Wednesday, April 11, 2012

Opinion: Thoughts of a Real History Boy

The most memorable line in Alan Bennett’s History Boys is spoken by Posner, one of the pupils aiming to achieve an Oxbridge scholarship from a northern grammar school:

I’m a Jew. I’m small. I’m homosexual. And I live in Sheffield. I’m f**ked.

As someone who trod the same path from the sticks to Oxford, I related to Posner and at the same age could equally have thought:

I’m working class with a Jewish name. I’m fat. I’m homosexual. I go to school in Redditch. I’m f**ked too.

Like audiences all over the world, I enjoyed the original production of History Boys: it was insightful, witty and humane. It cast light on ambition, relationships, education and the unique perspective of particular ages.

Recently, I revisited the History Boys by way of the DVD of the excellent film version. I appreciated the play even more, but found that the gulf between what it presented and my own experience seemed wider.

Some elements of the play mirrored my experience precisely. As a precocious sixth former I displayed the same single-minded ambition, intellectual arrogance and competitiveness. Each day was marked by an internal excitement about the limitless opportunities ahead. Suddenly after the conformity of academic life up to and beyond O levels, the wide reading and scope for self-expression given by the scholarship exam papers was liberating. One felt like an undefeated boxer preparing for the big fight. Until failure one was respected. It boosted the ego of a shy adolescent.

The play also accurately picked up on the kudos for the school in sending pupils to Oxbridge and the jaw-dropping impact of the colleges on the boy going-up for interview.

My reality had some practical differences. My school was co-educational. In 1971 I took the scholarship exams in the first term of the upper sixth - before A levels. In the early 1980s I gather the system changed altogether which is why the play was set just before the alteration.

In other ways my experience was radically different. Although more than three quarters of a very talented class went on to university, only a handful tried for Oxbridge. There was no scholarship class of history boys – just me. I did not experience the camaraderie of a scholarship group and studied in isolation.

My preparation did not include any training in general studies or advice on quotable gobbits to memorise. I just read voraciously.

My teacher was helpful and encouraging. He prompted wide reading and a scholarly approach but never groomed in flashy exam technique. I had no tuition in journalistic fakery and forced individualism. It was self-apparent that it would be necessary to think for oneself and argue confidently. It was simply understood that to stand any chance of getting in one had to display powerful reasoning and an original line of thought.

I’m still not clear whether any of the history boys actually loved their subject. Although Posner seemed to love music and literature, the general approach to history appeared mainly pragmatic: a means to an end and not an end in itself. They were admirably clever, articulate and ambitious. I wasn’t that sharp or canny but, at the risk of sounding to good to be true, had truly loved my subject from the age of ten. I wanted to read history at Oxford because it would give me huge pleasure, not just to beat everyone else or use it a stepping stone to be a wealthy tax lawyer or TV presenter.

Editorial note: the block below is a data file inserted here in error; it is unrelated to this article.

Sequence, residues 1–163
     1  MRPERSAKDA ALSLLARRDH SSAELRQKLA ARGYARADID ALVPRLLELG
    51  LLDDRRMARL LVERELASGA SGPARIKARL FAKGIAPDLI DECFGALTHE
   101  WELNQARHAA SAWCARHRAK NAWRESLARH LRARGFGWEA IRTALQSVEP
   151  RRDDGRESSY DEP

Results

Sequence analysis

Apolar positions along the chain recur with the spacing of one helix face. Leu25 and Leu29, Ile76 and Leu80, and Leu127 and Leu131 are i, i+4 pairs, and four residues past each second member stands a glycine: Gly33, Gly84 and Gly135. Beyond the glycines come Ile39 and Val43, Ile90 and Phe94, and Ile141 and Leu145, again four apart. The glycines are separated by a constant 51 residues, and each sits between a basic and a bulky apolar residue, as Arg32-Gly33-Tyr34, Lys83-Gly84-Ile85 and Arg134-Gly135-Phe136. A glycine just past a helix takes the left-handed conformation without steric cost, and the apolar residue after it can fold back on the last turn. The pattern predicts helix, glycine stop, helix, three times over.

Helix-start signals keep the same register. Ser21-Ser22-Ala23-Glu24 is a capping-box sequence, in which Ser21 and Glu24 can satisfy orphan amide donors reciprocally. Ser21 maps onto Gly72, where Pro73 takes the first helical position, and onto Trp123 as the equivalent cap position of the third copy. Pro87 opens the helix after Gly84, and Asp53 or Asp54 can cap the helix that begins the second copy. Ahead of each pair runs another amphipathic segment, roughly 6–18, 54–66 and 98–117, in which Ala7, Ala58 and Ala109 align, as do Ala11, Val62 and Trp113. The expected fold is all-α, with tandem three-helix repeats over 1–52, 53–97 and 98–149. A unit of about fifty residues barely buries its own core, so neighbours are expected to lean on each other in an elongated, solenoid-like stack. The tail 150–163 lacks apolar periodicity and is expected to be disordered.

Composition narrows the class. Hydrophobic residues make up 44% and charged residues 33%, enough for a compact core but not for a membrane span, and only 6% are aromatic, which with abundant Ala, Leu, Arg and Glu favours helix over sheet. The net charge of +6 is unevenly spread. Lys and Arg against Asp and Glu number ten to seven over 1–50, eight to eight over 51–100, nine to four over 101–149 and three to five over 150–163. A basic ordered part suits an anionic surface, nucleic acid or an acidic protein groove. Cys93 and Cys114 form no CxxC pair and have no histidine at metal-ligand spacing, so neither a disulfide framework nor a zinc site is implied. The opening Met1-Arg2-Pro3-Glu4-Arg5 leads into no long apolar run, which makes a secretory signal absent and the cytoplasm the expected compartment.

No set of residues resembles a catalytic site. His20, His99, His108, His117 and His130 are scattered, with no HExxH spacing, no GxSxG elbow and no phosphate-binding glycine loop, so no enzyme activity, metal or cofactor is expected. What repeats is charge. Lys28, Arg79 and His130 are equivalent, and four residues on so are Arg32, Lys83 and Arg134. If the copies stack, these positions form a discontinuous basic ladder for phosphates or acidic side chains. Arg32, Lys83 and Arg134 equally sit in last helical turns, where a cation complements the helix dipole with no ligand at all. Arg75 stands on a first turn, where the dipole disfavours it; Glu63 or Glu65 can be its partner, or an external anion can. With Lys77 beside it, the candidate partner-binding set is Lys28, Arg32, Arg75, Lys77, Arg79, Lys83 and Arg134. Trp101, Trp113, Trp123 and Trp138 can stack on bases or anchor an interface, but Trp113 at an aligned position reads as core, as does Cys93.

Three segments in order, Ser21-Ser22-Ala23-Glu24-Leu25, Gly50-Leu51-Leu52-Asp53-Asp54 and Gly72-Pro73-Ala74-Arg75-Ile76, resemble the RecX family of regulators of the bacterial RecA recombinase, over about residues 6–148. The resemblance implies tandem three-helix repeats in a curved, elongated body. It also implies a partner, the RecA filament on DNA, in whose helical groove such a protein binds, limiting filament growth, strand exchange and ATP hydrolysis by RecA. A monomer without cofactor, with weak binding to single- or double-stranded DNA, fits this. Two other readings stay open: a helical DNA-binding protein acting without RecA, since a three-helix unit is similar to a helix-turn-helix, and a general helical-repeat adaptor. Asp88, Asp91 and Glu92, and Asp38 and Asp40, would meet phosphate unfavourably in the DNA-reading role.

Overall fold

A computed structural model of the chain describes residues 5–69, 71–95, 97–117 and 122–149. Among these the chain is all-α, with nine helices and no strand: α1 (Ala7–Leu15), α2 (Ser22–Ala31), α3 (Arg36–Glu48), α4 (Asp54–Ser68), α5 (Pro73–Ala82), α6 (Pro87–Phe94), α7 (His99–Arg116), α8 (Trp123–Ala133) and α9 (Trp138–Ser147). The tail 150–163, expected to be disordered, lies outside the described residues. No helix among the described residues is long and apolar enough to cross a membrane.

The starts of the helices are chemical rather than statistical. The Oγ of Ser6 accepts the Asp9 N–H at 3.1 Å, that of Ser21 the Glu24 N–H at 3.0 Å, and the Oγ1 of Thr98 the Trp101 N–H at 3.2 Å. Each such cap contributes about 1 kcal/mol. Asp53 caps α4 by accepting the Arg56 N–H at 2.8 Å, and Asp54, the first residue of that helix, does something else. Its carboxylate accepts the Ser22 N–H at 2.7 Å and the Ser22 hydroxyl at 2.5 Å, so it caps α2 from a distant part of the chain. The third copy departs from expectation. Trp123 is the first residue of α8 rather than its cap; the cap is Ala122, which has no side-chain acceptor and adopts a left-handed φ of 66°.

I envied the sheer tolerance of the history boys and the way they accepted Posner’s love of Dakin, albeit with wry amusement. It was so cheerful and good-natured. In 1971, whilst I worked on in my bedroom, some of my classmates spent evenings together at Astwood Bank discos or afternoons down the Villa. I did not find the lads accepting or inclusive. In my isolated experience, life did not anticipate or imitate art.

The role of the parents of the history boys was presented with a light touch. Akthar’s family seemed most hands-on. We are left to assume that they were all involved to varying degrees, perhaps pushing but probably supporting and understanding the process.

In my world the desire and ambition was mine. The real prize and its implications was only clear to me. I was given a quiet and comfortable place in which to work, but never driven. I was the first in my family to try for university, let alone Oxford. My parents were happy I was having a go but were not really concerned as to whether or not I got in. They worried more about their studious son working too hard and not having friends, rather than failing an entrance exam. They sensibly persuaded me as a teenager to take a Saturday job and go to watch football to stop me studying 24/7.

Twenty or so years later, I was alone with my father after he had sunk too much scotch on a Christmas Day evening. He confided that at a parent’s evening when I was twelve, my history teacher said that I had a real talent in the subject and if your son applies himself, he could well read history at Oxford. Dad casually admitted that he had laughed out loud at the suggestion and thought no more of it.

Warming to the topic, my father then described one Saturday morning after my scholarship examination and interview. He had been repairing something in his shed and I walked in to show him the letter from Oxford containing an unconditional offer of a place. Somewhere between bitterness and regret, he said: It was the only time in your life I ever saw you truly happy.

For me, those remarks illustrate two of the greatest happinesses and sadnesses of my life.

So, in his clever way, Mr Bennett told the story of those history boys brilliantly, but it wasn’t the whole story and it certainly wasn’t my story.

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